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The Hero's Journey
Transcript of The Hero's Journey
Son of Odysseus
Odysseus is missing and so Telemachus must take on the quest in search of him.
Telemachus' quest is also about his coming of age where he must gain courage and take charge against the suitors.
The Hero's Journey is Complete!
This shows us how Campbell's Monomyth can be applied to the Odyssey through Telemachus' quest.
Telemachus lives at home with his mother and servants while his father is missing. His mother's rude and violent suitors eat and drink up the food and wine of Odysseus' household, lounging around demanding Penelope's hand. Telemachus, still considered a youth, feels that he can do nothing about them. "He [Telemachus] was sitting with the suitors, his heart troubled, picturing in his mind how his noble father might get back, scatter the suitors from his home, win honour for himself, and regain control of his own household." (Book 1, 149-153, pg. 12).
Refusal of the Call
There is no clear refusal of the call, but Telemachus does ponder Athena's advice. It is probable that the thought crossed Telemachus' mind to forsake Athena's instructions at least once. "Telemachus lay there all night long, wrapped up in sheep's wool, his mind thinking of the journey which Athena had earlier proposed to him." (Book 1, 591-593, pg. 21).
Call to Adventure
In the Hero's Journey, the hero is literally "called to adventure" by a
. In the Odyssey, Telemachus was called to find out about the fate of his father and his whereabouts. "Then leave here—set off in search of news about your father, who's been gone so long." (Book 1, 384-386, pg. 19). This sentence spurs Telemachus on to start his journey.
The Herald is the force or being that provides motivation for the hero to start his/her adventure. *the herald does not necessarily have to be human. In the case of the Odyssey, the Herald is the goddess Athena (Athena is also the Mentor).
The Hero: Telemachus
Approach the Inmost Cave
The Road Back
Return With the Elixir
Meeting the Mentor
Telemachus meets Athena, disguised as Mentes, and Athena advises Telemachus on how to find his father again. "As he thought about all this, sitting there among the suitors, he saw Athena. He immediately walked over to the outer gate" (Book 1, 153-155, pg. 12).
Athena disguises herself as Mentes, whose father knew Odysseus, and approaches Telemachus. She advises him to journey to Menelaus and find out what he knows of Odysseus. "Sail first to Pylos—speak to noble Nestor. After you’ve been there, proceed to Sparta and fair-haired Menelaus, the last one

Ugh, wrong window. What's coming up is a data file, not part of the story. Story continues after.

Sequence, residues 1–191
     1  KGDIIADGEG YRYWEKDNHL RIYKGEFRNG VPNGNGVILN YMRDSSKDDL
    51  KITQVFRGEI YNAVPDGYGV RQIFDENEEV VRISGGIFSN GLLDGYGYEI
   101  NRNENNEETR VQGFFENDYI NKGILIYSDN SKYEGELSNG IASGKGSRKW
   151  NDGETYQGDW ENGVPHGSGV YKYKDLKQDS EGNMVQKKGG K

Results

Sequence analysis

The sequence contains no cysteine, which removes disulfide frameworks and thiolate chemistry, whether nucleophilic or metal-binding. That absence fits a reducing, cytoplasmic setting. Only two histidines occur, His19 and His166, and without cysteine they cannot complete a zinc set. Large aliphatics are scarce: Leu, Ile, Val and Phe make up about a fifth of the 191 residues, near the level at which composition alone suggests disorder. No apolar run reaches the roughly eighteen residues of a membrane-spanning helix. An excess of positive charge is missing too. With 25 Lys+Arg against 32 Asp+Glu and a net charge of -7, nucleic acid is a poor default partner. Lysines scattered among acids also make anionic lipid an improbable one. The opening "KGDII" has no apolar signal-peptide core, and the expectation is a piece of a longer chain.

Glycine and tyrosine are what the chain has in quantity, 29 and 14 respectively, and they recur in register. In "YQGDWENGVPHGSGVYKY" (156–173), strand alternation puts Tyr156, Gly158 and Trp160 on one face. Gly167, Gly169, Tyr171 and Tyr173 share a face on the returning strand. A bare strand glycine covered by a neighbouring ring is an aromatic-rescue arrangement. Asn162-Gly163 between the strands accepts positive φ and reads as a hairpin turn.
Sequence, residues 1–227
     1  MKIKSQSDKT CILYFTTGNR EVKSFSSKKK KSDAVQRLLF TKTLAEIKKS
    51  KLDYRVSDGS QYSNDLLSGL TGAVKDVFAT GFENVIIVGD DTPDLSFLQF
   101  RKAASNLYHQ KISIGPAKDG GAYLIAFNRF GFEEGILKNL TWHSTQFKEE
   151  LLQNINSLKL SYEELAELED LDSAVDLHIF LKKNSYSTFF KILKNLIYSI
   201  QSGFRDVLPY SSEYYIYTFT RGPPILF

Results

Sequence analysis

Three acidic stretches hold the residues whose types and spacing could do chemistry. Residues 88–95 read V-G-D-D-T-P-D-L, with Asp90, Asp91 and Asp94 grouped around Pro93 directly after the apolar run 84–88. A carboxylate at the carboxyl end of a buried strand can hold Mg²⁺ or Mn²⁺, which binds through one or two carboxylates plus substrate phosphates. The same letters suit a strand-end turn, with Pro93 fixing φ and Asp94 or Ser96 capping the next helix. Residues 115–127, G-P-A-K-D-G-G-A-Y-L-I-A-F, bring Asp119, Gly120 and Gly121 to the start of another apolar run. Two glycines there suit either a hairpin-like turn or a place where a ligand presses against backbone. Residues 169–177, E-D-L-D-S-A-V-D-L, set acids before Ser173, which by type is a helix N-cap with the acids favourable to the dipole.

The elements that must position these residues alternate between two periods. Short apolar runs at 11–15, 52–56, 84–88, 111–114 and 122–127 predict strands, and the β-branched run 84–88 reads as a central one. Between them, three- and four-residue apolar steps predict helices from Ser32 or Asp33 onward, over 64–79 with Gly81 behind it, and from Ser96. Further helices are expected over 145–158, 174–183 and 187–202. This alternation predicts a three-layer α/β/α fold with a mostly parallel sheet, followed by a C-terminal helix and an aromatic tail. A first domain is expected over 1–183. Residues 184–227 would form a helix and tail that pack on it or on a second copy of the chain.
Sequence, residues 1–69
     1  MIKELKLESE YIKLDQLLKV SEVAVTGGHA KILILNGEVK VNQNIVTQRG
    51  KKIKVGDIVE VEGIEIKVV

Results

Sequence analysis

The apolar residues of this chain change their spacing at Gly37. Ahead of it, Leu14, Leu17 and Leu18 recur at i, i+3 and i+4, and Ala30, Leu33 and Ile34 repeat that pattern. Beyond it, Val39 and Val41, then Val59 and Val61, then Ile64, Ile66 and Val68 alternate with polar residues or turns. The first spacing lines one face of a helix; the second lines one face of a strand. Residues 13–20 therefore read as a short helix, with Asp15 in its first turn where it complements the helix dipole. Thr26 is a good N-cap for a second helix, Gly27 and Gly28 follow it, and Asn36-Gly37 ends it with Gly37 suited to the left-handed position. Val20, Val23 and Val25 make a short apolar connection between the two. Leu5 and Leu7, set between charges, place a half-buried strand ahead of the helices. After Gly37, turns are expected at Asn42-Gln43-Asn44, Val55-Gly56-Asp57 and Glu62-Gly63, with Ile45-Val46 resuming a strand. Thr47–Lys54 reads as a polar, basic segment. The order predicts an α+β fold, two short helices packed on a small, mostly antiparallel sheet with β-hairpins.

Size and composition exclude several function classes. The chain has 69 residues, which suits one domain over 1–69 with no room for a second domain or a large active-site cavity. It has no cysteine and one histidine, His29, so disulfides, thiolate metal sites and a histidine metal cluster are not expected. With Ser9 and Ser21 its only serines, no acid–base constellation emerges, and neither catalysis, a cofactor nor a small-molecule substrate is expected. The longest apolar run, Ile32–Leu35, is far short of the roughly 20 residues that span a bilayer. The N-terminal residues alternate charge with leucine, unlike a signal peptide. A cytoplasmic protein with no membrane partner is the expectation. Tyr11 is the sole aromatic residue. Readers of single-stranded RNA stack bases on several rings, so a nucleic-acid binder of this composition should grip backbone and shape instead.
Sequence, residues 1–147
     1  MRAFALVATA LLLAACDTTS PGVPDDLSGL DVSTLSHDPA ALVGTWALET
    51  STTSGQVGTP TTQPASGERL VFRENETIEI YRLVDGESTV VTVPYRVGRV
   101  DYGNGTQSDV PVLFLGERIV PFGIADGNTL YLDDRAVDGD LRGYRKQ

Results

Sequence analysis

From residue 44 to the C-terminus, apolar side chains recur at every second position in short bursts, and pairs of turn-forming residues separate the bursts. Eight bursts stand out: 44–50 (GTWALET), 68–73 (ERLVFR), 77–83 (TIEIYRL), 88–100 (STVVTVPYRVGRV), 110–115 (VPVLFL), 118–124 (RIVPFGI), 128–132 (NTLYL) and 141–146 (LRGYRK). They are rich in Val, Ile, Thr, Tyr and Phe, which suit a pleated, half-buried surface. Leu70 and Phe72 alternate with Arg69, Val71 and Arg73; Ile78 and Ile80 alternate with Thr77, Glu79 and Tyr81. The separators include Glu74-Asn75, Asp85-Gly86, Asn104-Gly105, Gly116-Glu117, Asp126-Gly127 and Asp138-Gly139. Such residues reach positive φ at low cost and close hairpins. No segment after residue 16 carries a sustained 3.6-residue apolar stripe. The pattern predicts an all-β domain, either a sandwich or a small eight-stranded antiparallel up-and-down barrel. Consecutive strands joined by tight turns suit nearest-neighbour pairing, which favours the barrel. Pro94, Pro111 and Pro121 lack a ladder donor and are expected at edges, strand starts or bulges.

of all bronze-clad Achaeans to get home." (Book 1, 389-392, pg. 19).
Crossing the Threshold
Tests, Allies, and Enemies
Approach to the inmost cave can also be when Telemachus and Odysseus plan out how they will kill the suitors. " I've come at Athena's bidding, so we may plan destruction for our enemies. But come now, tell me about the number of the suitors, so I know how many men there are and what they're like. " (Book XVI, Lines 290-295, pg. 321)
This begins when Athena gives Telemachus courage and instructs him to begin gathering materials for his trip. "Collect provisions,and put everything in some containers— wine in jars and barley meal, which strengthens men, in thick leather sacks. I'll go through the town and quickly round up a group of comrades, all volunteers."(Book II, Lines 389-298, pg. 37)
Telemachus' challenge to begin his journey into the "special world" was getting past the violent suitors. The special world was that of which Telemachus had to act as a man and take leadership when sailing in search of his father. If the suitors caught wind of his plan, they would prevent him from leaving by force. Telemachus managed to discreetly get supplies and a ship and crew together, of course by the instructions of his Mentor. "Telemachus led them away, and the group then followed. They carried everything to the well-decked ship and stowed it all in place, as Odysseus' dear son instructed them to do. Then, with Athena going on board ahead of him, Telemachus embarked." (Book 2, 555-560, pg. 41-42)